DISK 0 when I boot this way shows up on diskmgmt.msc as my SEA640 drive with Windows 7 Ultimate x86 (which boots fine if selected with F11)

DISK 2 is my Maxtor 80Gb that I recently installed the slipstream sp3 that I told you about and I boot fine from it and it even lets me use SFC /scannow which my F: installation does not recognize.

Now you see tigsound what the hell I've been living in? I need to get rid of the "windows needs to replace critical files that are from unrecognized version" or so with the original from my disk.

Is there a way to MANUALLY EXPAND the files into my F:\windows & system32 directory because every time I either do a sfc /scannow (that does not find the correct files from my cd) or a repair installation (does not find my windows installation WHICH RUNS ok during the process.

Well you genius out there see if you can help this poor old man.

Thank you in anticipation and I wish you guys worked for Microsoft! I would not have this trouble for so many months

In appreciation, ERCarrera
"knowledge and wisdom" no, I'm just the luckiest guy that ever lived when it comes to computers. [:tigsounds]

The "Windows XP Pro SP3 N"... Historically, the "N" version of XP had no media player. Something about a court ruling in Europe years ago.

There is still a bit of a mystery here. When you boot to the various drives.. are you directing the boot order to the various drives at power-on? (pressing F11 each time) I'm guessing yes. This would require each bootable drive to have it's own boot.ini. This is not necessarily wrong, especially if booting XP and Windows 7 and want to skip all the technicalities of a regular dual boot screen and install order..

Have you ever tried to set up booting with only drive 0 (or any other drive) and have one grand boot.ini to direct the boot where it is supposed to go? I'll add instructions at the end of this...

I am doubtful of good results from performing the following.
You should have a full backup of this Windows install before proceeding.

Yes, you can manually expand the files of the CD to the System32 folder, but it's no walk in the park. Since you have more than one XP, use a different one than the one being operated on. Each file type should be done individually Example: (all *.sy_ (for all .SYS files) and (*.fo_ for all *.FON type files) using the Expand.exe program found in the i386 folder. These files must also be copied (overwritten) in the DLL cache or they'll just get reverted automatically in the System32 folder next time you start Windows. (More on this at the bottom of this page). You'll need to know the last letter of each file's extension too because the Expand program is dumb, but it does it's job. If you do this you will be haunted by Windows warning you that system files have changed and it's going to want you to deal with it.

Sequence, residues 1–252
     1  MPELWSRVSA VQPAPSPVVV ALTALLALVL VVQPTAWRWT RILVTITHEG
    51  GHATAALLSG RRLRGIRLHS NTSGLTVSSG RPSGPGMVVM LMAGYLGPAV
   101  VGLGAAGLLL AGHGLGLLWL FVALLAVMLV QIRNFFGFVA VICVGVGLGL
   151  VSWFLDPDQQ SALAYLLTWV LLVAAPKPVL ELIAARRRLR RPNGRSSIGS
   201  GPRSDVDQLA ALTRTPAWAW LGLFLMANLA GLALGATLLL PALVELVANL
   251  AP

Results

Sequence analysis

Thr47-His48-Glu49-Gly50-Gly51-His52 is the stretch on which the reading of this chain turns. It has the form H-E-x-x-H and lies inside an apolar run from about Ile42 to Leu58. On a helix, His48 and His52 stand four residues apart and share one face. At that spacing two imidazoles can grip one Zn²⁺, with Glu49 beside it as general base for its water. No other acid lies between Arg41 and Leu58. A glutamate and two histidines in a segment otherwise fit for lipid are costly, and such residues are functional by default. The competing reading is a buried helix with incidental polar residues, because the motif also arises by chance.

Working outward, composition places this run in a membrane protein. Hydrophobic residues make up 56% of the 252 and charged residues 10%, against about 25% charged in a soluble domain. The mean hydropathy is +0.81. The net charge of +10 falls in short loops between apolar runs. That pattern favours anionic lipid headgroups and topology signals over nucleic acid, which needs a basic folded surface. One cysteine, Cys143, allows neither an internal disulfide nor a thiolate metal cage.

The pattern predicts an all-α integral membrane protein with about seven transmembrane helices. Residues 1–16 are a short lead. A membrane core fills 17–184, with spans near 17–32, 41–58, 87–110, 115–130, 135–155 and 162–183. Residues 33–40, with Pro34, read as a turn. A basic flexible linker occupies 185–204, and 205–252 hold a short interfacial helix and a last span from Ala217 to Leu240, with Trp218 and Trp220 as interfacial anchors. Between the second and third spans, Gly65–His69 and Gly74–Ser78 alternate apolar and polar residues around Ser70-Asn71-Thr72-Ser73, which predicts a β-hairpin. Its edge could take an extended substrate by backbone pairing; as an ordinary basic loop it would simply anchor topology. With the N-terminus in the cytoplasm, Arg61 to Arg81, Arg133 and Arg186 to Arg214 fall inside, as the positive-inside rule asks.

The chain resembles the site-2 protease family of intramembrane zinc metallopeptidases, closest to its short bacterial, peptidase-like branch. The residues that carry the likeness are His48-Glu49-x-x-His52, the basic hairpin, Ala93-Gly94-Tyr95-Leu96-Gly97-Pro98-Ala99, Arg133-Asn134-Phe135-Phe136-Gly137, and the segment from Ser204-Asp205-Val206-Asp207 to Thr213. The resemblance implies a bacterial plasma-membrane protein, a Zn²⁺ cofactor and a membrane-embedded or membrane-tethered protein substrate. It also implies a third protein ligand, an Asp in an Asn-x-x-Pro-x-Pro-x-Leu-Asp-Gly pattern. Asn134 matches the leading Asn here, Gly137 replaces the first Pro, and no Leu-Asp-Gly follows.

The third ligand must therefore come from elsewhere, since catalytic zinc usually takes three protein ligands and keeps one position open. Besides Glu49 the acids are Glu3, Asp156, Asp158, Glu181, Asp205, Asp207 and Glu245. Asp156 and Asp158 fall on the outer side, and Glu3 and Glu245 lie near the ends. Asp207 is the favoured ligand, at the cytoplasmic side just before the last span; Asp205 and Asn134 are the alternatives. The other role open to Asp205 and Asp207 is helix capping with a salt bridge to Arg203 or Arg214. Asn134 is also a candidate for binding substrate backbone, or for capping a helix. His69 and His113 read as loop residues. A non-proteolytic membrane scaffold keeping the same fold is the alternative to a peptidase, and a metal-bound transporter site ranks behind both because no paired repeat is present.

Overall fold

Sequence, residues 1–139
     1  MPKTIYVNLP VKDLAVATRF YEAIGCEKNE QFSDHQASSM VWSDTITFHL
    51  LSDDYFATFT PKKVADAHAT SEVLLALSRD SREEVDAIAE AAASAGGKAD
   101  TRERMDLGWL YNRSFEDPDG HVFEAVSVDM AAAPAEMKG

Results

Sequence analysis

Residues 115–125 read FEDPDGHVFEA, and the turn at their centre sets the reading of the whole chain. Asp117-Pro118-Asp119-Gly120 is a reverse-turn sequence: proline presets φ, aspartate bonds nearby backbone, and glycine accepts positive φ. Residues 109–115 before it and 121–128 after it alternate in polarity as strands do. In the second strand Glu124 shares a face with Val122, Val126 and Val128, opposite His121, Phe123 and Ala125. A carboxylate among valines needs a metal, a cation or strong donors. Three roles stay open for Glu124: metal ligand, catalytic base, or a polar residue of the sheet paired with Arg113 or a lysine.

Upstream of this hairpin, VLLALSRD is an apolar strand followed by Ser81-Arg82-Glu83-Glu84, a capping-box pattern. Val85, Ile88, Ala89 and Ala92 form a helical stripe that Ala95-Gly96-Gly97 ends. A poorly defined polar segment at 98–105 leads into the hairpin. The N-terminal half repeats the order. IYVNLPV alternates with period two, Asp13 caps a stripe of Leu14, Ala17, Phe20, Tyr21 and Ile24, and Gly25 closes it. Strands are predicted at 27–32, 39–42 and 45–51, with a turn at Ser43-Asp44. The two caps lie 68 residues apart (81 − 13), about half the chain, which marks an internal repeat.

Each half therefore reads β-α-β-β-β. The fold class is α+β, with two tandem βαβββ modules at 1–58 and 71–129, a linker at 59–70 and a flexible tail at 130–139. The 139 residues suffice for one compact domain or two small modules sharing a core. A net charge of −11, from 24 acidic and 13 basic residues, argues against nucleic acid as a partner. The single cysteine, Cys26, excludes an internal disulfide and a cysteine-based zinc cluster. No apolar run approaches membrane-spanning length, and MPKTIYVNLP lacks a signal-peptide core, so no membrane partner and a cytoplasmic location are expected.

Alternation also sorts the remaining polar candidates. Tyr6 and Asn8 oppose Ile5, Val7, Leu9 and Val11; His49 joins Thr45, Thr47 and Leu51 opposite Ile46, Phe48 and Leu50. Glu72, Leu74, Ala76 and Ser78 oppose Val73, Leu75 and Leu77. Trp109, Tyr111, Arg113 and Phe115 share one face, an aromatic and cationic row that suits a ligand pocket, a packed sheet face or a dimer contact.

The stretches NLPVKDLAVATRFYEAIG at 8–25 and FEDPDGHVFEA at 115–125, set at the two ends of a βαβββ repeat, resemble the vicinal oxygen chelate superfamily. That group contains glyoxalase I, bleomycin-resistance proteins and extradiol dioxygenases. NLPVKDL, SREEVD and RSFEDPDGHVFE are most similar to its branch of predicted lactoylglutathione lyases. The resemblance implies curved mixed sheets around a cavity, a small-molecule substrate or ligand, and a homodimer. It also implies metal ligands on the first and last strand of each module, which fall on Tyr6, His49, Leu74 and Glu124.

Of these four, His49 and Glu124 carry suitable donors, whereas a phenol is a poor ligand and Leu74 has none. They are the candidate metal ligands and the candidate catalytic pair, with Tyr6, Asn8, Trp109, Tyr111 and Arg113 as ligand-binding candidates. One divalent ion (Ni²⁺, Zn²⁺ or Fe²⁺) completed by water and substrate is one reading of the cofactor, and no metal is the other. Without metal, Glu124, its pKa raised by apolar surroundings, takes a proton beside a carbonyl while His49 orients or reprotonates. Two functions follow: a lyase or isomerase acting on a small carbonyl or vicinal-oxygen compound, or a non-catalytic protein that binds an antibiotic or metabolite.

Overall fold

You'll use the CMD command box a lot. An example is:
(Logged on to the CD i386 folder): Drive D will be just a place to put them, yours may be different as needed...
Expand *.sy_  D׃/foldername (and then all files ending with .sy_ will be expanded into folder I called foldername).
Expand.exe will allow wildcards on files to be expanded, but won't allow renaming on the fly and if using wildcards, will only accept a folder as the target.
Then you'll need to rename them all:
Ren *.sy_   *.sys (to put correct extension on the files all at once).

When done with a filetype, they can all be copied (overwritten) to the system32 folder and the DLL Cache of the target drive/install.

This is one messy way to change a bunch of files.

I'm still thinking you have drives that aren't directly accessible by Setup on the CD. You slipstreamed Windows to a drive. If this was to include HDD drivers so you wouldn't get a Stop: 0x7B "Inaccessable boot device" error, then that is at least one of the problems. If the drive would have needed a driver to allow Windows to connect to it to be installed in the first place, but that driver was slipstreamed, then Setup doesn't stand a chance of finding it without you pressing the F6 key at startup (when booting the CD) and supplying the needed driver on a floppy disk.